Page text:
STORY: Gullo Connected Well With Lamar


Bruce Hefflinger
PBR Texas Writer

DRIPPING SPRINGS, TX - Nicolas Gullo had a bit of uncertainty on his way to a college visit to Lamar back in January. 

“I was not too sure,” the Dripping Springs junior admitted. “I didn’t know what the college looked like at all. It turned out not to be what I expected. I thought it would be a lot smaller. When I got there it was really nice.”

Interaction with the baseball coaches just added to the impression left on Gullo.

“I really liked coach (Scott) Hatten and coach (Will) Davis,” Gullo said in reference to the hitting coach/recruiting coordinator (Hatten) and the third-year head coach (Davis), who had previously been an assistant at LSU. “I connected well with them.”

The connection turned into a commitment for Gullo, who was also considering the University of Texas Rio Grande Valley.

“This is a school I think I can really help out,” Gullo said about the D-I university that competes in the Southland Conference. “I like the business program and I like the coaches. It’s a place I can stay for four years and have a connection. I made the commitment almost on the spot.”

Lamar’s interest in Gullo began after he was seen at a pair of PBR showcases.

“I went to two Perfect Games and no one talked to me there,” Gullo said. “I went to two PBR Events and coach Davis and Hatten saw me and began recruiting me. They were really friendly and easy to communicate with. It just felt easy and fresh talking to them.

“I threw 88 at Lamar and at A&M they saw I was consistent. I also threw 89 at high school and Toby (Bicknell) at PBR saw me there and tweeted it out to help me get seen.”

The 6-foot-1, 182-pounder is more than a projectable right-handed pitcher, however.

“At the two showcases they saw me at, I hit well,” the left-handed hitting Gullo said. “I showed them I’m a good hitter.”

It is something Gullo has improved upon in the last year.

“A year ago my exit velo was around 84 and I was not hitting it that well,” Gullo pointed out. “Now my velo hits 90 and I’m hitting the ball a lot better. I’ve also gotten better with my infield action. It’s gotten a lot smoother and cleaner.”

It has Lamar interested in Gullo as a two-way player.

“They said they thought I could be good at both shortstop and pitcher,” Gullo said. “I like that. They really showed a general interest in me.”

It has Gullo excited about the possibilities.

“My whole life I’ve been a shortstop and pitcher,” the 47th-ranked junior in the state said. “I like all the action at shortstop. When there is a clutch situation, it usually involves the shortstop. I like being at a position I’m able to do more. With pitching, you’re able to control the game and I like that, too.”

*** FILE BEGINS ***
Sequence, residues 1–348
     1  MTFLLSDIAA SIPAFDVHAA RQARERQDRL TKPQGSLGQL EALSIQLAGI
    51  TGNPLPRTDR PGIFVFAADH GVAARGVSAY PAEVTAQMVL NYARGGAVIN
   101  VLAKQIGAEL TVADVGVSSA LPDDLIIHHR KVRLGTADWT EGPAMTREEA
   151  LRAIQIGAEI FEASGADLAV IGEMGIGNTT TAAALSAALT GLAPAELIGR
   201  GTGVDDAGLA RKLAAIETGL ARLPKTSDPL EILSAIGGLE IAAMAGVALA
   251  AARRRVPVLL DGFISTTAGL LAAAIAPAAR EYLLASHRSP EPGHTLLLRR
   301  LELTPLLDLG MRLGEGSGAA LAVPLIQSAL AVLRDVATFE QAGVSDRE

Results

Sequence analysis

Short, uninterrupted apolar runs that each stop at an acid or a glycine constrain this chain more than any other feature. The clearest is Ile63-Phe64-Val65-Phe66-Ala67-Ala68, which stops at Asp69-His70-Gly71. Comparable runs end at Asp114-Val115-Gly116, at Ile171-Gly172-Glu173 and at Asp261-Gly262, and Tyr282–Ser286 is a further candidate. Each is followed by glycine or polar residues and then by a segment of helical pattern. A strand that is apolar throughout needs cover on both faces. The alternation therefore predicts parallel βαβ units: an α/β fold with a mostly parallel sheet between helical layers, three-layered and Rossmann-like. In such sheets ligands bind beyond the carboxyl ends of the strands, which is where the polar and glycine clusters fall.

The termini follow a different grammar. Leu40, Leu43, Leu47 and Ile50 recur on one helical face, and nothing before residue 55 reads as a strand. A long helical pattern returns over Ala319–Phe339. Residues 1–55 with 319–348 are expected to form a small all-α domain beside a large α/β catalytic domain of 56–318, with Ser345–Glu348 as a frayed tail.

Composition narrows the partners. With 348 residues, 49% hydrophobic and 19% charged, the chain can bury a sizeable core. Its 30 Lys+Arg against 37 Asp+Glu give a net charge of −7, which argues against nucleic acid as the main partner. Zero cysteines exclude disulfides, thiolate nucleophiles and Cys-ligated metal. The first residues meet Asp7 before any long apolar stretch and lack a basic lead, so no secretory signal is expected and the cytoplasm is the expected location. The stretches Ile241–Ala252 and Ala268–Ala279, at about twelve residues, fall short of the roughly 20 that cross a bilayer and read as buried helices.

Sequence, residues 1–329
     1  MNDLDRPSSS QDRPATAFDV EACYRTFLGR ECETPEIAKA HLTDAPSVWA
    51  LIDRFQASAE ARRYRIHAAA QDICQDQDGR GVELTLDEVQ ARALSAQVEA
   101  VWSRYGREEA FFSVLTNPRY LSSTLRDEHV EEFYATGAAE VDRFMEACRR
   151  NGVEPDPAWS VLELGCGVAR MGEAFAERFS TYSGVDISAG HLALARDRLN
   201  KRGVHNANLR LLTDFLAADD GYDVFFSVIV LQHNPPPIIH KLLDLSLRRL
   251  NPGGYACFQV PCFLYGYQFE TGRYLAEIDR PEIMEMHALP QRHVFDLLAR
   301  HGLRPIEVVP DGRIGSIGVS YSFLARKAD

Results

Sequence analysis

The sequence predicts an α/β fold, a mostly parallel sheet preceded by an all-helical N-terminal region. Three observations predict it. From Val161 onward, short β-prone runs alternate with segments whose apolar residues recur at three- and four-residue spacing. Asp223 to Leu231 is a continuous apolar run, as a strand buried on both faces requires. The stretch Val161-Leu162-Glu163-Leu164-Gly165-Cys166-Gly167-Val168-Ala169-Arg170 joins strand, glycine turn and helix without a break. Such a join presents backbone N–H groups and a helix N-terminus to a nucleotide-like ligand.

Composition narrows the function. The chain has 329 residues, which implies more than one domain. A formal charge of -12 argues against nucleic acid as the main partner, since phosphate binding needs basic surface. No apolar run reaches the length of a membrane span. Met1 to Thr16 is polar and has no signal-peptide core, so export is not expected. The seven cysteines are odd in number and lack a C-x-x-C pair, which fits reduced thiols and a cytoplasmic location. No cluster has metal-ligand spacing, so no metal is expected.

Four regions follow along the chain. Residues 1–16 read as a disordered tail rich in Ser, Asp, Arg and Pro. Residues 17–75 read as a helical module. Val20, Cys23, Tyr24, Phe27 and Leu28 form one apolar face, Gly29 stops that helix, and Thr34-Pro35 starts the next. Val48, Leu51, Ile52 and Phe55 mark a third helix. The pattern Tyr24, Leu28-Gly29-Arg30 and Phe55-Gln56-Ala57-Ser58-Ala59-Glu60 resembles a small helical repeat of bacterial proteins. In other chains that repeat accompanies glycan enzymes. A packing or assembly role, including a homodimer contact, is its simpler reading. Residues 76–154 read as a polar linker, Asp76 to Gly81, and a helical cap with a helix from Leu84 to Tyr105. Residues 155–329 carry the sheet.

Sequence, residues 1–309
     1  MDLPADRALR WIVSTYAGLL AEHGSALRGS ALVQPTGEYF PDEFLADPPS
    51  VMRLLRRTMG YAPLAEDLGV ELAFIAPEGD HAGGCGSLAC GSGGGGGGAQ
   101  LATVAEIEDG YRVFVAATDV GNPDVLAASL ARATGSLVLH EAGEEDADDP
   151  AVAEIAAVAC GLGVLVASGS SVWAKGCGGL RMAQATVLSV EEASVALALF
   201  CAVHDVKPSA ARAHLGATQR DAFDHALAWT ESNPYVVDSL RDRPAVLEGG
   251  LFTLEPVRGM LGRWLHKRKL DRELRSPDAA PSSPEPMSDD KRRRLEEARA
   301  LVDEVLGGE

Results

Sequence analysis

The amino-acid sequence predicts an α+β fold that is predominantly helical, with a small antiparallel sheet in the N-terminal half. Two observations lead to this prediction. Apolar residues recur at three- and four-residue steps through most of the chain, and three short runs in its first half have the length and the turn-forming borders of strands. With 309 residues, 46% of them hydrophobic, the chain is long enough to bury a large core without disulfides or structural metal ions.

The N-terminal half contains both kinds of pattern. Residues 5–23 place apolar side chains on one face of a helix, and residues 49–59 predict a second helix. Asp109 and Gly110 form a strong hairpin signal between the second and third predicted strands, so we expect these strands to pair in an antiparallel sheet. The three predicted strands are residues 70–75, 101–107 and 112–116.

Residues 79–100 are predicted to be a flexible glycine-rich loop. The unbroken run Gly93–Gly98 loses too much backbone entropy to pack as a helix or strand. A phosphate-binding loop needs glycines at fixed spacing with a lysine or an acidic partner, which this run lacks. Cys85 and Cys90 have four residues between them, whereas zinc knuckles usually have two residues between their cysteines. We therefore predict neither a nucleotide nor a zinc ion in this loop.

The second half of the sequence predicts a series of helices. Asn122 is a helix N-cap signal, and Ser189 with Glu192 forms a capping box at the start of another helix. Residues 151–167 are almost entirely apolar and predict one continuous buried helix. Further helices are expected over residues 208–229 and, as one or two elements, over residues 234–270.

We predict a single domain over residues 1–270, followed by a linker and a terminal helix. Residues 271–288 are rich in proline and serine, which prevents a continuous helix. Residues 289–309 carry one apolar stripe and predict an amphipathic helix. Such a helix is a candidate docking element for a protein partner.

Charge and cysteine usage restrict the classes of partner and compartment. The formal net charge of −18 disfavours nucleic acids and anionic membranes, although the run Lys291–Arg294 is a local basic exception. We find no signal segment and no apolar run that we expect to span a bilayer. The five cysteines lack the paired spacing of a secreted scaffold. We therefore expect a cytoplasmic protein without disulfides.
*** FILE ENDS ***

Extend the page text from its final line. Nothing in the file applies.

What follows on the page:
Strong performances in front of coaches helped Gullo realize his potential.

“I’ve always wanted to play college baseball but I didn’t know if it would ever happen,” Gullo noted. “But when I started going to showcases I started to see that it could happen. The majority were throwing in the low 80s. There was a clear difference between some of the others and me and I started thinking maybe I do stand out.”

Improvement along the way helped Gullo in that aspect.

“My pitching coach Armando Galarraga (former Detroit Tiger known for throwing a near-perfect game only to have an incorrect call ruin the bid with two outs in the ninth inning) helped me with my mechanics,” Gullo explained. “I used to throw more three-quarters off to the side and now I’m pulling down with my arm instead of catapulting. I also used to pull my head off to the side and now it’s more online.”

Gullo is also focused on working to better his hitting ability.

“Lamar is a very good hitting team, so I’ll need to hit well to get in their lineup,” Gullo said. “I’m really good at pulling the ball but I need to work on oppo, so I can do that when I need to.”

In addition to Galarraga, others have also benefited Gullo along his baseball trail to Lamar.

“My parents (Nathan and Emily) have been a big influence,” noted Gullo, who carries a 3.0 GPA at Dripping Springs. “If I’m struggling with one thing they talk to me about getting it fixed. My high school coaches have also always been there to help me tweak things. Coach (Chris) Payne helps me with infield and hitting and coach (Carlos) DeLaCerda with pitching. Both also help me with mental parts of the game.”

It has Gullo ready for the next level.

“A lot of coaches came to me after I reached out to them during my recruitment,” Gullo said. “It was actually a lot easier for me than I thought it would be.”


 

 



 

 

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